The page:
How Social Media Has Changed the Press Release Game



 October 24, 2011
For as long as most of us can remember, the Press Release has been the prime method of communicating a company or brand’s corporate message. Sure, the delivery system has changed somewhat – it started as a letter, physically posted or handed to the newspaper; then the fax machine arrived and suddenly the press release was brought into the 20th Century. 

Releases could now be written and distributed immediately so messages could be sent out even quicker than ever. The 90’s saw the arrival of the Internet and all of a sudden releases didn’t have to be sent out at all. They could be placed on a company’s internet site and reporters, readers and fans could be drawn to it directly. The message could now be sent out in its most unfiltered form.

Fast forward another decade and Social Media is the newest and biggest game in town. Press releases can now be issued directly to engaged followers and fans and even more significantly they can respond back in real time with their genuine feedback and ideas on how to strengthen your message even further, or come up with a new message, one that resonates with the engaged media consumer.

This also raises other challenges for the modern press release writer. The medium delivering the release has changed so the release itself has to change. Twitter famously only allows 140 characters to a posting which means even a haiku writer would be challenged to get their meaning over in so concise a space but it can be used to post a link with a punchy, intriguing call to action to inspire the reader to click through.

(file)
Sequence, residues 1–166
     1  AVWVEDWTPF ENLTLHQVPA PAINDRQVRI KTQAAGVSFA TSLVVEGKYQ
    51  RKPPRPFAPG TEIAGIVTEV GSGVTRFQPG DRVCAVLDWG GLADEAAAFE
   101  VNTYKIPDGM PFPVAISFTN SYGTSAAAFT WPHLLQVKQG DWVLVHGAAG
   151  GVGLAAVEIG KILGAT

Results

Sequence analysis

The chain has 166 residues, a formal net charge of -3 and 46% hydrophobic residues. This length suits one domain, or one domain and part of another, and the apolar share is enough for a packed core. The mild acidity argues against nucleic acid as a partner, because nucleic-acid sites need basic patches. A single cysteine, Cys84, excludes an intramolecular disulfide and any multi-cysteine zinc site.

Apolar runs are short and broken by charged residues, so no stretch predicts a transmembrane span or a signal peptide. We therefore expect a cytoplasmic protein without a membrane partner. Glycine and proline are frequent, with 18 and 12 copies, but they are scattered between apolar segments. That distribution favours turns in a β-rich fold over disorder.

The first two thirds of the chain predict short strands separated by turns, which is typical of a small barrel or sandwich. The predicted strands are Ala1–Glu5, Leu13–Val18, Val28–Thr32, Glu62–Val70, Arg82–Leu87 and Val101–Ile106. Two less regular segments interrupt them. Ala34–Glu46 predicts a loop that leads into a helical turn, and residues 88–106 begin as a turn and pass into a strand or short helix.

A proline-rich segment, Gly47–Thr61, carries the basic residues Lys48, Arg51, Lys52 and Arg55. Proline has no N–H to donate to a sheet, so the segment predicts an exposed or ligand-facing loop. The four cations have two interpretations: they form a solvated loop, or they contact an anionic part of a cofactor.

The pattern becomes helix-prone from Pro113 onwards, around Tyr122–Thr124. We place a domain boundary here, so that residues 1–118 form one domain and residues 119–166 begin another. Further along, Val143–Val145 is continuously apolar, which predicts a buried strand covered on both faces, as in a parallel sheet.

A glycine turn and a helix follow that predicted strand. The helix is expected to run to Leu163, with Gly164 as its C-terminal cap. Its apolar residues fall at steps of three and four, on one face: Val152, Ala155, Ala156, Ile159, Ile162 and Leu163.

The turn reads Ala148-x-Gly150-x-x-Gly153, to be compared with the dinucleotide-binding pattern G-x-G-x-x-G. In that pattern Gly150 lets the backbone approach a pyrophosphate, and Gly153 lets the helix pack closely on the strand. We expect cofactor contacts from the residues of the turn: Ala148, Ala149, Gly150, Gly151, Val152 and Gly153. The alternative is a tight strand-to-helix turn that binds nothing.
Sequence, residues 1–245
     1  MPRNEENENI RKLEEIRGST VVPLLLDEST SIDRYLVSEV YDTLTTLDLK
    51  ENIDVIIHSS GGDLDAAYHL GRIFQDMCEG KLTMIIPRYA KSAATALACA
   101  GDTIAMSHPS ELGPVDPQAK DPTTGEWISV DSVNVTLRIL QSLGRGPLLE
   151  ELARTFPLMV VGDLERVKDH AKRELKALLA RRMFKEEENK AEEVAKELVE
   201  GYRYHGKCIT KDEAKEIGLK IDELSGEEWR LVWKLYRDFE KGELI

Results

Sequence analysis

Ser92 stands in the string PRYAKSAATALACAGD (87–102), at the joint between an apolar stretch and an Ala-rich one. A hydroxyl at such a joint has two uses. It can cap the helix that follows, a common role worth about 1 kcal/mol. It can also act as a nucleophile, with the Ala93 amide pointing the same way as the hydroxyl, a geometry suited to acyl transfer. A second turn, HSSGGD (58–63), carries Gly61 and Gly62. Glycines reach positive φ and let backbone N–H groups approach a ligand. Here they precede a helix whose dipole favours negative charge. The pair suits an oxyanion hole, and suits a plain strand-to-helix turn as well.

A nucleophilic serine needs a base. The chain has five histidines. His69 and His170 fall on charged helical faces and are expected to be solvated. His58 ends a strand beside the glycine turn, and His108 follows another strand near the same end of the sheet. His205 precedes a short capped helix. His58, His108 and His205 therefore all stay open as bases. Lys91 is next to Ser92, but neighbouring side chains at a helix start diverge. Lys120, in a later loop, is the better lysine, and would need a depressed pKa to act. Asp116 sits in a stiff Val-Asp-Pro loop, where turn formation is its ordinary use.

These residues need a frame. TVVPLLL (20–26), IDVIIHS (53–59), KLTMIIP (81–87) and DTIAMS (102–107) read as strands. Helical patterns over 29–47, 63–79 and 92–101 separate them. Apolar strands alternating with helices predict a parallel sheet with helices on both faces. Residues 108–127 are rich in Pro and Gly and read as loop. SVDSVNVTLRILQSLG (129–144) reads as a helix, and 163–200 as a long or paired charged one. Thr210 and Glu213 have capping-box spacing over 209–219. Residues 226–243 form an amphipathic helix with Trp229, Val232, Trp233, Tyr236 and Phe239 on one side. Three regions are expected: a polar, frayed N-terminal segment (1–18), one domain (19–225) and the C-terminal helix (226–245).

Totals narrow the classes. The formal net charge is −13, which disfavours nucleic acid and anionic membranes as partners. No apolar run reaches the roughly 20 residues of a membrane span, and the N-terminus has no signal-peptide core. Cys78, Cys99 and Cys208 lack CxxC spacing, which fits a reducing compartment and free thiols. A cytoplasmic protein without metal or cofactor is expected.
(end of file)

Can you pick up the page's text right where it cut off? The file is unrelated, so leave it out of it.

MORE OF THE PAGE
Facebook offers a far more manageable 420 character maximum post length as well as dedicated link, video and image hosting capabilities. This allows the release to become fully functional with as much multi-media material as you wish.

The type of release for Facebook also has to be carefully considered. The writer has more space to use than Twitter but should consider the same rules as applicable – shorter, punchier sentences and paragraphs; keywords front-loaded at the top of the release – don’t forget that search engines crawl Social media sites too; and if images and videos are included then they should be tagged appropriately and accordingly.

This is where the writer has to be inventive. Instead of writing a three paragraph quote from a director or principal, why not post up a video of them speaking?

The game has changed, Social media is leading the way now and as sites rise and fall, the rules of the game are constantly changing too. It is up to you to keep up.

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